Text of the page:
The dining-room, to the east, communicates with the library, which faces the north, the former being thirty-six feet by twenty-four, while the latter is forty feet long, and twenty-six feet wide. West of this is the breakfast-room, which, with a large dressing-room, constitutes the ground suite of apartments.
In this noble mansion lived the family of the Smiths, in a manner worthy of its splendour; but they have now all descended to the grave, or are scattered and dispersed. In 1820, the executors of the late Simon Taylor, Esq., bought the manor and estate of Erle Stoke, with those of Edington and Coulston, for two hundred and fifty thousand pounds. They were settled upon Mrs. Watson Taylor, as sole heiress of her uncle, on the death of her only brother, Sir Simon B. Taylor (who died unmarried in the year 1815), the whole, with other landed property, being entailed on the heirs male and female in succession, of George Watson Taylor, Esq., M.P., and his wife, the above lady. Many large additions have been made to these extensive domains.
The present park and pleasure grounds consist of about six hundred acres, distinguished by a great variety of surface, with bold eminences, narrow, winding valleys, and wood and water in abundance. About a mile to the south of the House is the northern boundary of Salisbury Plain, presenting a lofty ridge, that extends in an undulating and irregular line, from west to east, for the distance of several miles. Towards the north this plain slopes rapidly, abounding in deep romantic dells, that are mostly covered with a thin turf; but on the Erle Stoke estate, it is clothed with thick and extensive plantations of firs, beech, larch, and other indigenous timber. From one of these hollows rises an abundant spring of fine water, that meanders through a secluded pleasure ground, and in places expands into small lakes, having in its passage over the ridges of rock formed several beautiful cascades. Upon reaching the park, the accumulated waters swell into a broad and noble sheet, that from the north and west sides of the House presents a most pleasing feature in the landscape.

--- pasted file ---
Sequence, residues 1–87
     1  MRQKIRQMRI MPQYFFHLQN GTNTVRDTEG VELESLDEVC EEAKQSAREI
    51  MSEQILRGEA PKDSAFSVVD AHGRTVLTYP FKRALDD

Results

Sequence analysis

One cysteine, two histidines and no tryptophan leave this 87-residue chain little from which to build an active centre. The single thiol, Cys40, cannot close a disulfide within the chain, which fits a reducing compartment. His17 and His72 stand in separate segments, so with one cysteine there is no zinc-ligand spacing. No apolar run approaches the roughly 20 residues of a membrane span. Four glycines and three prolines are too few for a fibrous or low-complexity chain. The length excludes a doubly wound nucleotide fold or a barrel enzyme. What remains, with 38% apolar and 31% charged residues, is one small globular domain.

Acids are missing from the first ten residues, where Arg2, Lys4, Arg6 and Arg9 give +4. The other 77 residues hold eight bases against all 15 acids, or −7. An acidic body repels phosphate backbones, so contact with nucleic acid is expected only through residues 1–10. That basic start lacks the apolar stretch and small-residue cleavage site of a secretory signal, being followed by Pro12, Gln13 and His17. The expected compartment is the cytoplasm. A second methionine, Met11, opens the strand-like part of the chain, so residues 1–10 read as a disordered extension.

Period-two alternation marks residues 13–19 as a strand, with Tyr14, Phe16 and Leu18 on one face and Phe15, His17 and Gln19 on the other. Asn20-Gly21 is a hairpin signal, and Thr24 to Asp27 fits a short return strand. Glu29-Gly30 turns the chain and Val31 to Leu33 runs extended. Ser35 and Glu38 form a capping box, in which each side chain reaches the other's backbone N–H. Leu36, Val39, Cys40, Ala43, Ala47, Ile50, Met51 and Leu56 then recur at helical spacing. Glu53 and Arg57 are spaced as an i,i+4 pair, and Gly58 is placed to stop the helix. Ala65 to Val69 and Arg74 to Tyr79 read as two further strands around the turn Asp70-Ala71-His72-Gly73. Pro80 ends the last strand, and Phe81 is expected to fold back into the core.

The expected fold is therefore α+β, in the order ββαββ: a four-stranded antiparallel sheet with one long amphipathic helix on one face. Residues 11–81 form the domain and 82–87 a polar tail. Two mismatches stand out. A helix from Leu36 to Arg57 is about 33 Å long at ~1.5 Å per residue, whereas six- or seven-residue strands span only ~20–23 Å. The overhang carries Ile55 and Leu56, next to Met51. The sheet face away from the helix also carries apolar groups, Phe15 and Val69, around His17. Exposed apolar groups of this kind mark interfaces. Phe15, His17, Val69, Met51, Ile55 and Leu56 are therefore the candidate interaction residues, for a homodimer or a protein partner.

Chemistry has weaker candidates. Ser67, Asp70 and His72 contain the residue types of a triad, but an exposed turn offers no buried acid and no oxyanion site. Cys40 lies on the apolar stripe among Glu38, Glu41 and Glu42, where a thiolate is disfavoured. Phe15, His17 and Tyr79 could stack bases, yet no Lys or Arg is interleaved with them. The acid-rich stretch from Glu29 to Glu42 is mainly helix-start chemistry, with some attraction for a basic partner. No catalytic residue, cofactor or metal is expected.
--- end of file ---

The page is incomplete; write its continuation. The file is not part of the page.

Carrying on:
The approach and entrance to the mansion were formerly on the south; but on that side, a few years ago, a flower garden was laid out, and enclosed from the park by a light, high, wire fence; a new road was also made, and an entrance portico erected, on the north side of the House. Other improvements have been effected, the only change for the worse being the dispersion of the excellent collection of pictures made by Mr. Watson Taylor, some of which present very choice specimens of ancient and modern art.”
What a fascinating find! It’s so easy to imagine young Augusta, when she lived here, getting her letter from Charles Smith which caused such “agitation” in early diary entries in 1798. Sadly, Erle Stoke/Erlestoke burned — as little now exists of Joshua’s house as he left when building his home.
Would LOVE to hear from anyone with further information — or illustrations — of Erle Stoke Park!
So much news, so much news — but I simply MUST post and share the following “find”!
Thanks to an Ancestry user, the following was posted — the Miss Smith cited can only be AUNT EMMA! (All her other sisters were married.) Emma would have been about 53-years-old. Joshua Smith had died in 1819 and the estate sold to the Watson Taylors, with the four Erle Stoke park daughters dividing the proceeds, by 1822 (if I recollect correctly).
August 20, 1827
Some Selected Reports from The Salisbury and Winchester Journal
Fete Champetre at Erle-Stoke Park.